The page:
ABB-Powered Electric Car Attempts to Break Land Speed Record in United States ABB e=motion team confident of success in Nevada on May 5



    NORWALK, Conn., April 21 /PRNewswire/ -- A high-speed electrical car,
 powered by ABB motors and drives, will attempt to break the land speed record
 for an electrical vehicle on May 5 in Nevada, U.S.
     (Logo:  http://www.newscom.com/cgi-bin/prnh/20050421/CLTH002 )
     The 32-foot (10 meter) long, mustard-yellow ABB e=motion car will try to
 beat the current official FIA (Federation Internationale d'Automobile)
 electric land speed record of 245 mph (394 kph) and become the first-ever
 electrically powered vehicle to break the 300 mph (483 kph) barrier.
     The car, whose main sponsor is the global engineering company ABB, will
 make the record attempt on a closed, secured section of paved road near the
 city of West Wendover, northeastern Nevada.
     The FIA, the world's leading motorsports ruling body, will monitor and
 certify the attempt. To qualify as an official land speed record under FIA
 rules, the car must perform two recorded runs at better than 252 mph over a
 distance of 0.622 miles (one kilometer).
     The e=motion car is the brainchild of Britons Mark Newby and Colin
 Fallows. It has already delivered spectacular acceleration during tests in the
 U.K., easily reaching 146 mph (237 kph) in just 1,000 yards (914 meters) - the
 longest distance available to the team in the U.K. - and unofficially breaking
 the 139 mph U.K. record for an electric vehicle.
     "With this sort of performance, we're confident that our car will easily
 beat the existing electric car land speed record," says Newby.
     The ABB e=motion car has no mechanical gears - acceleration is controlled
 entirely by ABB variable speed drives regulating two 50-horsepower electric
 motors from ABB. "ABB technology has put this car in the super-speed league,
 and demonstrates our unique ability to meet unusual technology challenges with
 a pioneering spirit," said Ron Kurtz, ABB U.S. spokesman.
     The current FIA electric car record is held by the White Lightning team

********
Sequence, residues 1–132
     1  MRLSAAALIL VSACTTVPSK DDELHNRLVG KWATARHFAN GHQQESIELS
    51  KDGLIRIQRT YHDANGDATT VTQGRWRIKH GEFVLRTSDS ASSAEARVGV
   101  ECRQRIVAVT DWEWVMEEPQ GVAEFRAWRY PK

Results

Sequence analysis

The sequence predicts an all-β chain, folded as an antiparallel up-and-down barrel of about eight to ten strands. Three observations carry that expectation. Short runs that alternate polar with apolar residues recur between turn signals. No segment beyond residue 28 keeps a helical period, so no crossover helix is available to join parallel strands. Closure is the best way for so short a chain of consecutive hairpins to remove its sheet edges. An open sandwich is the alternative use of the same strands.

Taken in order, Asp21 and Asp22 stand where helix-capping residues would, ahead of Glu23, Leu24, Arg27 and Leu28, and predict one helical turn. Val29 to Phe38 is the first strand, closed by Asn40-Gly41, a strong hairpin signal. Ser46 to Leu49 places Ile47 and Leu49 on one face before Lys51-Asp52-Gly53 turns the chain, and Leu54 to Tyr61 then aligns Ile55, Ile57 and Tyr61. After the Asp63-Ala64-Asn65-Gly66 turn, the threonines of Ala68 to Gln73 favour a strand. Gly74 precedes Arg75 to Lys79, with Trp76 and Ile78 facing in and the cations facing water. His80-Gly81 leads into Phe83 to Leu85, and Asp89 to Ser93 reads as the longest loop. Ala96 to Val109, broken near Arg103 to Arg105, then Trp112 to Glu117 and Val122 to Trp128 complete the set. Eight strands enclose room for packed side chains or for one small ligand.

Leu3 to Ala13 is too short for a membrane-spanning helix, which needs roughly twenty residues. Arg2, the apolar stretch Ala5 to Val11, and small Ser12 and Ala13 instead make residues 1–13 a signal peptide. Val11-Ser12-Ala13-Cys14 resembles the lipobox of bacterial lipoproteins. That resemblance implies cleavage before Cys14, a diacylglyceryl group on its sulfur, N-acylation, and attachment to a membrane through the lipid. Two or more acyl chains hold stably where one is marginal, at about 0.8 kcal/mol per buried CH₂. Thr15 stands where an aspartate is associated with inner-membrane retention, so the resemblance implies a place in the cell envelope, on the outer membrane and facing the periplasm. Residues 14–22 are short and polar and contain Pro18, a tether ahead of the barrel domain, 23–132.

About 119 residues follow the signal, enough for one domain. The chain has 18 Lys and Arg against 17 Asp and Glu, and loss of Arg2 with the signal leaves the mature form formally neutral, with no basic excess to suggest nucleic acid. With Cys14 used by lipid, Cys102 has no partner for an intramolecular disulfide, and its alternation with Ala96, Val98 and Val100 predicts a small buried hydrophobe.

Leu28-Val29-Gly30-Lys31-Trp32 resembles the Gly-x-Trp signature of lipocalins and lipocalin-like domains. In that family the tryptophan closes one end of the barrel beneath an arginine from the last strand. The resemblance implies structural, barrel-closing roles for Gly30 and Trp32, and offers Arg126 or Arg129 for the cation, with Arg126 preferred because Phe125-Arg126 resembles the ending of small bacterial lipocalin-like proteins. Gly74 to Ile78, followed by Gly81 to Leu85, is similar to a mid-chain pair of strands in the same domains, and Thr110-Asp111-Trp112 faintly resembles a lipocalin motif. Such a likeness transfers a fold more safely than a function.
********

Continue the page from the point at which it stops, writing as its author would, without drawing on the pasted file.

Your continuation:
from the U.S. Other record  attempts have been made, but not under FIA rules.
     An ABB e=motion attempt to break the record on salt flats of Tunisia in
 2004 was postponed after the surface was deemed unsafe due to unusual weather
 conditions, but there are no such doubts about the road in Nevada.
 
     Further information about the e=motion record attempt, including pictures
 and additional technical detail, is available on ABB's Web
 site ( www.abb.com/e=motion ).
 
     ABB e=motion: key technical data
     An ABB industrial drive and two 50 horsepower AC motors will be used to
 power ABB e=motion The motors produce a combined output of more than 500bhp
 (brake horsepower, i.e. power measured at a vehicle's crankshaft).
     As a comparison with gasoline-driven cars, the new Chevrolet Corvette,
 launched this year is fitted with a 7.0-litre (427-cubic-inch) V8 engine that
 produces 500bhp.
     ABB's system uses a regenerative standard inverter from its ACS800 motor
 drives line to convert the 600V DC (direct current) output from the car's four
 packs of 52 lead-acid batteries into AC (alternating current) power for the
 two motors.
     To prevent overheating during the record attempt, each motor has been
 adapted to include a forced-ventilation system that is comprised of a series
 of 24-volt DC fans, to help keep the motors below their maximum operating
 temperature of 180 degrees C (356 degrees F). ABB sensors fitted to each motor
 winding provide real-time information about motor temperatures and help
 protect the motors.
 
     High torque for immediate acceleration